Fall 2018

Joy Connolly

Provost and Senior Vice President, Classics
The Graduate Center, CUNY

Joy Connolly is the provost and senior vice president at the Graduate Center. As the institution’s chief academic officer, she ensures the quality and performance of all degree-granting programs.  Her current priorities include opening up the Graduate Center to larger numbers of the public, including master’s students, who seek access to the Graduate Center’s intellectual strengths; developing creative non-degree programs; strengthening global partnerships; lifting the Graduate Center’s distinctive public-facing profile; and fostering innovation and experimentation in graduate education. 

Ken Corbett

Clinical Assistant Professor
New York University Postdoctoral Program in Psychoanalysis and Psychotherapy

Ken Corbett is Clinical Assistant Professor at the New York University Postdoctoral Program in Psychoanalysis and Psychotherapy. He is the author of Boyhoods: Rethinking Masculinitiesand A Murder Over a Girl: Gender, Justice, Junior High. Dr. Corbett has a private practice in New York City.

Therese Cox

PhD student in English and Comparative Literature
Columbia University

Therese Cox is a PhD student in English and Comparative Literature at Columbia University. She writes about contemporary British and Irish literature, architecture, and urban planning. As a 2018-19 Public Humanities Fellow, she will curate a project called You Are Here: Girls Map New York City. Together with local teaching artists and community partners, young women from New York City’s public schools will explore histories of the city, the politics of map-making and zoning, and issues of public space, race, and gender. The project will explore art, storytelling, poetry, and creative cartography as empowering practices, culminating in an exhibition and reading.

Katryn Evinson

Ph.D. candidate in Latin American and Iberian Cultures
Columbia University

Katryn Evinson is a Ph.D. candidate in Latin American & Iberian Cultures concentrating on nineteenth, twentieth and twenty-first century Spain as its issues prove relevant to more global matters beyond Spanish borders. In her research, she is drawn to questions intersecting aesthetics and politics; more specifically, debates centered on political will, community and technology in industrial and post-industrial Spain as they unfold through literature, politics, culture, theory and art.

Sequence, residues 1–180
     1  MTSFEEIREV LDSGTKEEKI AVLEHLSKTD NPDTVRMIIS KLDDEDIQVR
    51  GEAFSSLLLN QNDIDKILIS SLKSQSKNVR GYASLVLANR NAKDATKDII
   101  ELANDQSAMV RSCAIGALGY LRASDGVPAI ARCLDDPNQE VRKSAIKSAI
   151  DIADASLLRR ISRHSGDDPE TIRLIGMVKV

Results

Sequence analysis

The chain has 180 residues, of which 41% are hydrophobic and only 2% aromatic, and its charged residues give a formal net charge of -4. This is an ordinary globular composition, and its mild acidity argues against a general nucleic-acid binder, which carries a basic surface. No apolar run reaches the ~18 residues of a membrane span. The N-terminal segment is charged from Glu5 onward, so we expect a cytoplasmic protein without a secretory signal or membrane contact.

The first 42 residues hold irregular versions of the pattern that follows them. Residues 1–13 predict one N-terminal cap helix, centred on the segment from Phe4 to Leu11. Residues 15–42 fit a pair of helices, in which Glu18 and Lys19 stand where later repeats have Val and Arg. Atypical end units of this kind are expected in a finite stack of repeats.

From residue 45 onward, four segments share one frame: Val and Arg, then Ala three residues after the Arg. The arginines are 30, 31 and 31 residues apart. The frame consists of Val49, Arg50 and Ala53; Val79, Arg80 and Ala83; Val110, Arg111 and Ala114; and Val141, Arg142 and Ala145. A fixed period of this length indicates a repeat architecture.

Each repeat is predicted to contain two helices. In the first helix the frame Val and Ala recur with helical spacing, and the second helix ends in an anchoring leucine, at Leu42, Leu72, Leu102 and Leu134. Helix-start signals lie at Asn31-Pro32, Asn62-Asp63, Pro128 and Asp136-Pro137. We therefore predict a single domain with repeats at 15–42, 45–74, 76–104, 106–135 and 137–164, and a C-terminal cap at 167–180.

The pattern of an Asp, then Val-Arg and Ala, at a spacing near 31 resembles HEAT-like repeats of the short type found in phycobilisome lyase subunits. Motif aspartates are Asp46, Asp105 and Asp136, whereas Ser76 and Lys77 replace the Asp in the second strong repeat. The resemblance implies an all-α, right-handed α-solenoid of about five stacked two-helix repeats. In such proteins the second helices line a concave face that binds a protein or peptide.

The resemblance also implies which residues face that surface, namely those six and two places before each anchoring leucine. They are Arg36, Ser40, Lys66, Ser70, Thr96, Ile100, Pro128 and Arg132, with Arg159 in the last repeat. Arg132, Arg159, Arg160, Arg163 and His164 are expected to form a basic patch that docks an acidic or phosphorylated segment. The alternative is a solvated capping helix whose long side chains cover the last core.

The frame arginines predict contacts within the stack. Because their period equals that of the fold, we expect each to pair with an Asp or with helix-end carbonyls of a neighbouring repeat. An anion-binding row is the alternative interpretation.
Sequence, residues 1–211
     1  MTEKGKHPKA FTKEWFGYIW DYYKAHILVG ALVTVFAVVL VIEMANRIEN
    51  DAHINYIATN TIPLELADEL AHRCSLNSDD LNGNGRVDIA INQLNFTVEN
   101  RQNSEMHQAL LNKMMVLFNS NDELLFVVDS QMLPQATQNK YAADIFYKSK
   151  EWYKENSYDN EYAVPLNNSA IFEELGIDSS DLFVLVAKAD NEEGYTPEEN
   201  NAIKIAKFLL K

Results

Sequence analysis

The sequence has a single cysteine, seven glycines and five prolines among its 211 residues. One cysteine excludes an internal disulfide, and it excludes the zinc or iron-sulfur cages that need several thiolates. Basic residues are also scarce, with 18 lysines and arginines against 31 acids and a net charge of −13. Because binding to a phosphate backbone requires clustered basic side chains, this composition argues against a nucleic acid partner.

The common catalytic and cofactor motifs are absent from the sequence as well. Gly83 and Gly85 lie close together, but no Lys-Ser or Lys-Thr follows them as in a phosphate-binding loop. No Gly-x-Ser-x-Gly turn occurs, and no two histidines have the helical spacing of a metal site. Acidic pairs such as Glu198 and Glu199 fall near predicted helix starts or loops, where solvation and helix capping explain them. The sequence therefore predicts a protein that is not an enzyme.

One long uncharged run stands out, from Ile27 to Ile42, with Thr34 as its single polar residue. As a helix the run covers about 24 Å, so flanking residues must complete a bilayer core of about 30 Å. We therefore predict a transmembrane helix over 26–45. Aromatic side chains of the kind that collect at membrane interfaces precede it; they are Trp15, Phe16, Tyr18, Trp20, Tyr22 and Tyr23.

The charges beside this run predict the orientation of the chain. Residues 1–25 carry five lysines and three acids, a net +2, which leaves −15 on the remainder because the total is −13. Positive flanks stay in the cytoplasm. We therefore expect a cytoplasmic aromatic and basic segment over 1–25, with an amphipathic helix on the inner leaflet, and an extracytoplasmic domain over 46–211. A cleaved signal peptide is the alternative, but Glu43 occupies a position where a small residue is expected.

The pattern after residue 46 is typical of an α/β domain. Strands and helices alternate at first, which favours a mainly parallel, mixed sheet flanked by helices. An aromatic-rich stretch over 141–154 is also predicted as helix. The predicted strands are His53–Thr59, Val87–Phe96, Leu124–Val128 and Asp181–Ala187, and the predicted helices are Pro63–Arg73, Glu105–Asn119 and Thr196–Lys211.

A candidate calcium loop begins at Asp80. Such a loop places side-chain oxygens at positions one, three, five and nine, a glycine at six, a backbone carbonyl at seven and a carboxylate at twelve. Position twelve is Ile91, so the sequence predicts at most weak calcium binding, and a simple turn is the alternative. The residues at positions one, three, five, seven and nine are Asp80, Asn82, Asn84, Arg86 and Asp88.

Katherine Ewing

Professor of Religion
Columbia University

Katherine Pratt Ewing, Professor of Religion, is also Coordinator of the Master of Arts Program in the South Asia Institute. Until 2010, she was Professor of Cultural Anthropology and Religion at Duke University, where she served as the Executive Director of the North Carolina Consortium for South Asian Studies. In 2010-2011 she was Professor of Anthropology at the University of Wisconsin – Madison before moving to Columbia’s Religion Department in 2011. Her research ranges from debates among Muslims about the proper practice of Islam in the modern world to sexualities, gender, and the body in South Asia. She has done ethnographic fieldwork in Pakistan, Turkey and India, and among Muslims in Germany, The Netherlands, and the United States.

T. Austin Graham

Assistant Professor of English and Comparative Literature
Columbia University

T. Austin Graham is an Assistant Professor of English and Comparative Literature, and the author of The Great American Songbooks: Musical Texts, Modernism, and the Value of Popular Culture (Oxford University Press, 2013). His work is largely on American literature's relationship to other arts and disciplines, and he has published essays in ELH, American Literary History, American Literature, and New Literary History. He is presently at work on a book about U.S. historical fiction.

Wael Hallaq

Avalon Foundation Professor in the Humanities, MESAAS
Columbia University

Wael B. Hallaq is a scholar of Islamic law and Islamic intellectual history. His teaching and research deal with the problematic epistemic ruptures generated by the onset of modernity and the socio-politico-historical forces subsumed by it; with the intellectual history of Orientalism and the repercussions of Orientalist paradigms in later scholarship and in Islamic legal studies as a whole; and with the synchronic and diachronic development of Islamic traditions of logic, legal theory, and substantive law and the interdependent systems within these traditions.

Nabeel Hamid

Ph.D. Candidate, Department of Philosophy
University of Pennsylvania

My project examines the reception of the mechanical view of nature in the German Enlightenment in the backdrop of the continuing influence of late Scholastic metaphysics. This research reveals doctrinal continuities between seventeenth century Lutheran Scholastics such as Christoph Scheibler and Johann Clauberg and eighteenth century proponents of mechanistic science such as Christian Wolff and Immanuel Kant as they attempt to reconcile the success of the new physics with traditional conceptions of order and design in nature. Pressure from the new mathematical physics leads authors in this tradition to reconfigure rather than abandon the Aristotelian model of causal explanation. By Kant’s time, for example, teleological explanation shifts from a concern with how the end state of a process explains its occurrence, to how a whole determines its parts. Mediating such shifts is the preservation in early modern Germany of two Scholastic theses bearing on natural teleology: the first is the “convertibility thesis”, which denies a sharp distinction between being and the good, facts and values; the second holds that explanations involving ends or purposes presuppose rational agency.